National President’s Column

A lot has changed since our union was founded in 1963.

But two things remain constant today: public services continue to be important equalizers in our communities and our members who deliver them are under attack.

Governments continue to cut corporate taxes, starving public coffers of the resources needed to deliver important services to Canadians. Workers are being asked to make up the shortfall through lower wages, lesser benefits, and diminishing working conditions.

We continue to face austerity agendas and attacks on workers’ rights both at the bargaining table and in legislatures across the country. We have seen a sharp rise in the number of employers seeking concessions and two-tier provisions in our collective agreements. Governments of all stripes are restructuring the services our members provide and looking for ways to privatize those same services.

As Canada’s largest union, representing 643,000 workers across sectors in every province, we have a responsibility to fight back on behalf of our members and all workers across the country. I know that we are stronger and achieve so much more when we stand shoulder to shoulder. That’s why I am proud of the renewed collective bargaining policy adopted by our National Executive Board this past December.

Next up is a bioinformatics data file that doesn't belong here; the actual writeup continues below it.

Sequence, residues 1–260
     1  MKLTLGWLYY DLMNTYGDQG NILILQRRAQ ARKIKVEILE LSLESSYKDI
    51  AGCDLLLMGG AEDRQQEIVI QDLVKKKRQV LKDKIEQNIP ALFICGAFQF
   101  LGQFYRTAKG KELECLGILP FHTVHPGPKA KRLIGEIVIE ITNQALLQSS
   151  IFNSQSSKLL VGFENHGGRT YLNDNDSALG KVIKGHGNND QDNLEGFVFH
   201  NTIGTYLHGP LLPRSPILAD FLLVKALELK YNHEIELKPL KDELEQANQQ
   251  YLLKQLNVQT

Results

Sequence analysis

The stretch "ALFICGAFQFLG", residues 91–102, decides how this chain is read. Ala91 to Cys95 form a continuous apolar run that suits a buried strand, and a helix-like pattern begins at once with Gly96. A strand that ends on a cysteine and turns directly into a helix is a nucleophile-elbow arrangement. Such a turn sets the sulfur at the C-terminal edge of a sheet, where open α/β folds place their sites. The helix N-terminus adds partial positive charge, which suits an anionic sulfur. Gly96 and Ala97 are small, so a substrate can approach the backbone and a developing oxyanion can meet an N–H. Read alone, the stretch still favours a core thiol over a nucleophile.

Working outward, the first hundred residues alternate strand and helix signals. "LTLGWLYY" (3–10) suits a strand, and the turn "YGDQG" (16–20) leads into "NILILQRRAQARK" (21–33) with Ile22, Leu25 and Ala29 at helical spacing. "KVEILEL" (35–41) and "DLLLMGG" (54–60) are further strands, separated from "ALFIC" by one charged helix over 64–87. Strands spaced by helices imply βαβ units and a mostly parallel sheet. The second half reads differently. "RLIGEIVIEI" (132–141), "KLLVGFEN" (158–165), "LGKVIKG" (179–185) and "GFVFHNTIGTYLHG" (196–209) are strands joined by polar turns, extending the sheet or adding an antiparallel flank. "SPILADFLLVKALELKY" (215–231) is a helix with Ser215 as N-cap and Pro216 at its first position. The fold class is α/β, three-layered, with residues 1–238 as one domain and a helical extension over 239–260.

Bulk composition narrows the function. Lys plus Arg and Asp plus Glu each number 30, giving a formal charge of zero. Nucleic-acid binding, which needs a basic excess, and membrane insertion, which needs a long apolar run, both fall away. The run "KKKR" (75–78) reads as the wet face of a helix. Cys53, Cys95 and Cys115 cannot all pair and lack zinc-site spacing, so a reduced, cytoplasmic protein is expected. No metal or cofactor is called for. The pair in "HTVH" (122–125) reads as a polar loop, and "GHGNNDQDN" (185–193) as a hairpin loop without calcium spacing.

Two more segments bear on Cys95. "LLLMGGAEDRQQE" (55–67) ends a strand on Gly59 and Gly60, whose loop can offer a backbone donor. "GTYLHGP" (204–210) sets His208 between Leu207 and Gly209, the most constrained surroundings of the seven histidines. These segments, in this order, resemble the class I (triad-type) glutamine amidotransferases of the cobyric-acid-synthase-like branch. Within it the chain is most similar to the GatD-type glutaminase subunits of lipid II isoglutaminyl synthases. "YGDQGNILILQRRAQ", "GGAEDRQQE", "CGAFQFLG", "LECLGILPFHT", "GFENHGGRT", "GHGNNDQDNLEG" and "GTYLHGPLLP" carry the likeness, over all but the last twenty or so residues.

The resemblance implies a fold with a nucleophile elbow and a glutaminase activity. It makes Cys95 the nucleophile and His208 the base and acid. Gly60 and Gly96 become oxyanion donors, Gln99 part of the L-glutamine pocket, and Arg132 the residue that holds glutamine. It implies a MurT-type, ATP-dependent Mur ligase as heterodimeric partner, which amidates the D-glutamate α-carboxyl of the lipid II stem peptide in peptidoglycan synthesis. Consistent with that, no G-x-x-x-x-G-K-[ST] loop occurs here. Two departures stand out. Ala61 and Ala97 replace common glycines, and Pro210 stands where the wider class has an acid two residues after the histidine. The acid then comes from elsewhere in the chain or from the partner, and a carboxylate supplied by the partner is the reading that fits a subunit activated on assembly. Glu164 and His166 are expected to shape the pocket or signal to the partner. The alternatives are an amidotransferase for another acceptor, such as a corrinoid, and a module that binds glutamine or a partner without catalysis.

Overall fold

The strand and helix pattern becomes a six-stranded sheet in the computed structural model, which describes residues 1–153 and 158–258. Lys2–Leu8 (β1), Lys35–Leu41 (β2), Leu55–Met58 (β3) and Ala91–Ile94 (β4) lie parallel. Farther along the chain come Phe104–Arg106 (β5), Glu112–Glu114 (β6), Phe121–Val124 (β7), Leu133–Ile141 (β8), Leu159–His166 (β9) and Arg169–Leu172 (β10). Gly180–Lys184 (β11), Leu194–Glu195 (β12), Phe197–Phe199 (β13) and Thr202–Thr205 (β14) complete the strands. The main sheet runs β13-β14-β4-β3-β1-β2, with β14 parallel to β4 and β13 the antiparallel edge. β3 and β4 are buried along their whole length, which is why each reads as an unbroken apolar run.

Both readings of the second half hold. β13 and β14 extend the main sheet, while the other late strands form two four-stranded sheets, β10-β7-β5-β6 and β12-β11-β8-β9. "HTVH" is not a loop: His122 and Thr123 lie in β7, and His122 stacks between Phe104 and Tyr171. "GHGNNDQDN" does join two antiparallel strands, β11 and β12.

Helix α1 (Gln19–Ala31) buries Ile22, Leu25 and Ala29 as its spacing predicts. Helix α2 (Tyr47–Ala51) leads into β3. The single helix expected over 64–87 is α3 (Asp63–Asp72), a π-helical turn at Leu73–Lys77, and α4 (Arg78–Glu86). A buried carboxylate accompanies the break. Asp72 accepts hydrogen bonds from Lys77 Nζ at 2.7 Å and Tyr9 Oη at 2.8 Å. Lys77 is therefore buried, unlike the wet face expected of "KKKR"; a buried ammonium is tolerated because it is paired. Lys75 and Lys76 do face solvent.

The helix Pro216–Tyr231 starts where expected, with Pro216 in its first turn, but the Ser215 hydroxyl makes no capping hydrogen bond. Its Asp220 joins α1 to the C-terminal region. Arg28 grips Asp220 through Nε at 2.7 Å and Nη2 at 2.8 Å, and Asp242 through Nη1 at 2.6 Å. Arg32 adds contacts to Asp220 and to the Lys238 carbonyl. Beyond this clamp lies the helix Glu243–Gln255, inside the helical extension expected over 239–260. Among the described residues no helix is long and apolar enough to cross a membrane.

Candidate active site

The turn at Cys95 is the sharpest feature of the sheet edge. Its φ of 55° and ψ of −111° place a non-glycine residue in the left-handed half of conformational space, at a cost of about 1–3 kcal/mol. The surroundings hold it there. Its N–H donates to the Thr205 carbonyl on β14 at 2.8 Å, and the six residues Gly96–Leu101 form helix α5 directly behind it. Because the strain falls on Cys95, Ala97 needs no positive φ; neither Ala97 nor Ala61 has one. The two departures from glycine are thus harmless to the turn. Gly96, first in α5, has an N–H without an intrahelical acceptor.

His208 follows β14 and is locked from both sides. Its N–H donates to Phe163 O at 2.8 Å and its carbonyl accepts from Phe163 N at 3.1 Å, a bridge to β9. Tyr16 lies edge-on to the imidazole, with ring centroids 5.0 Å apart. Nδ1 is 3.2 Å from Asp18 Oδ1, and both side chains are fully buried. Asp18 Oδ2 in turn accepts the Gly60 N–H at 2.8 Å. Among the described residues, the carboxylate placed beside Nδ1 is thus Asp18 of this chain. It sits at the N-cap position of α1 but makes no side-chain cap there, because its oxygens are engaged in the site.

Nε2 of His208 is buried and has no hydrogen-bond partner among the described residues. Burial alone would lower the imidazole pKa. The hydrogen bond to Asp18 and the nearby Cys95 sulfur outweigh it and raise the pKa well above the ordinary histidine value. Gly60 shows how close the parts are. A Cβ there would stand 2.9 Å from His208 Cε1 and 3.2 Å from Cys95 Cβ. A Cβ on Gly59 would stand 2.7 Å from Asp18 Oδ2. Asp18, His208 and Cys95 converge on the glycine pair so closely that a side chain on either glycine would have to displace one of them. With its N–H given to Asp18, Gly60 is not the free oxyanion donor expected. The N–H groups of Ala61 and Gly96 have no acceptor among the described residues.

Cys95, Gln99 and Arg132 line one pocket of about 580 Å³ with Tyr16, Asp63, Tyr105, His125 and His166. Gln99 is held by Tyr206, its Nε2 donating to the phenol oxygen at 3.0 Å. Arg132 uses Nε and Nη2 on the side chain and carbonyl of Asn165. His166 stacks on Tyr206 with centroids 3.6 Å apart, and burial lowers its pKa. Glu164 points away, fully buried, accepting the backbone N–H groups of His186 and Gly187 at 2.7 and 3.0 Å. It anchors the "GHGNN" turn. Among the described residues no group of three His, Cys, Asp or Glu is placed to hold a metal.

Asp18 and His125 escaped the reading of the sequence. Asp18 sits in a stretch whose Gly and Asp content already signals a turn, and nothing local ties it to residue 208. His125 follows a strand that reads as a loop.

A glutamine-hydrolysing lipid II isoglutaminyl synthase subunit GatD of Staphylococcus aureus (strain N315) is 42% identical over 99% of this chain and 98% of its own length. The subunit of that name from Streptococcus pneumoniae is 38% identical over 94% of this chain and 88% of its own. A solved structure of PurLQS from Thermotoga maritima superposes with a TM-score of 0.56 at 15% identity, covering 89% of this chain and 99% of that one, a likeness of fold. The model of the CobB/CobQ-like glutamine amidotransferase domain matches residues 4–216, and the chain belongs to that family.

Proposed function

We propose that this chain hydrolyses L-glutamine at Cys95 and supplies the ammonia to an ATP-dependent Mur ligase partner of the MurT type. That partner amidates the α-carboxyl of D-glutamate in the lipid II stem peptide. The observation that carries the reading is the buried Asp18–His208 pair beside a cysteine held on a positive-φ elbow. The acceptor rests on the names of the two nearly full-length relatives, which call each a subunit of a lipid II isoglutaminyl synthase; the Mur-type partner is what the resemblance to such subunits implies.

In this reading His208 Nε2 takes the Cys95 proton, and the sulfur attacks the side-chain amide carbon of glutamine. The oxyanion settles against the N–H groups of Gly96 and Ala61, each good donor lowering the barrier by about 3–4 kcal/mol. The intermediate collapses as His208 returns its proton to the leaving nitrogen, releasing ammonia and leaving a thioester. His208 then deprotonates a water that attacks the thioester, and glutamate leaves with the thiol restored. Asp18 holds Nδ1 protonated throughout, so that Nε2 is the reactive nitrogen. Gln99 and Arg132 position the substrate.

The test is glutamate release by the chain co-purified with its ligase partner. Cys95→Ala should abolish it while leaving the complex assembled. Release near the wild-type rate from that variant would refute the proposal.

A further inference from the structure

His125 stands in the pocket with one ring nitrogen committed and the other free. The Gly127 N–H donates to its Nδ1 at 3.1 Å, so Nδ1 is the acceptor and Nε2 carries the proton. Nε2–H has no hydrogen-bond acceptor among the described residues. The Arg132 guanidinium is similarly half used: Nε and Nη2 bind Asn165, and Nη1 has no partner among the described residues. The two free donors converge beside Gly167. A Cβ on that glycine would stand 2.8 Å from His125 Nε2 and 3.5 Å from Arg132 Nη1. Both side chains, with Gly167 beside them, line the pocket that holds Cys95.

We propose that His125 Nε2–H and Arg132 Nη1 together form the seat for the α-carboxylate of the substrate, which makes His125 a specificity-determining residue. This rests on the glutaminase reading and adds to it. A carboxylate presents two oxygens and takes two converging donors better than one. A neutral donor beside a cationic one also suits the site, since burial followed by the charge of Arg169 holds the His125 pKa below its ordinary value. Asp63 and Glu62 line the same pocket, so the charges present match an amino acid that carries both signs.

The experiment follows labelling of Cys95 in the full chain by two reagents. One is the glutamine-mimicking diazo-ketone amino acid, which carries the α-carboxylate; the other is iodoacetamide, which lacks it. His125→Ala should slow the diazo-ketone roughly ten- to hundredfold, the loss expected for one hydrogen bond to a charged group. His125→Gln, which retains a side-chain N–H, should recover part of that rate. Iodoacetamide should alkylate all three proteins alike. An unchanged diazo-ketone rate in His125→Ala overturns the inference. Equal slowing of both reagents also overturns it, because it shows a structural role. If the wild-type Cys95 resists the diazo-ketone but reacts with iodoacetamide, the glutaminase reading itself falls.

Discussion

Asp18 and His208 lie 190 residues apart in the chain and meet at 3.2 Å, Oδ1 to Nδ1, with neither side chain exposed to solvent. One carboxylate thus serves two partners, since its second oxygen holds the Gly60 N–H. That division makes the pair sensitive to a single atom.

It’s our strategy to protect collective agreement rights, resist demands for concessions and two-tier contract provisions, and defend every worker’s right to free collective bargaining. And it’s our blueprint for solidarity across the board, to ensure CUPE locals and members are ready to stand together and fight back against attacks during bargaining.

We’re equipping our locals with the resources they need to fight concessions and two-tier contract proposals. And we’re asking them to negotiate better provisions for precarious workers and protection against workplace violence. We’re developing a coordinated bargaining approach in every region so that we can lead from a position of strength.  And we’re committing to political action to defeat any government that attacks our bargaining rights.

Corporate interests and austerity-pushing politicians across the country know that we are unstoppable when we work together. So, together, let’s stand strong against attacks on workers’ rights, and set a course for a fairer and more equal Canada.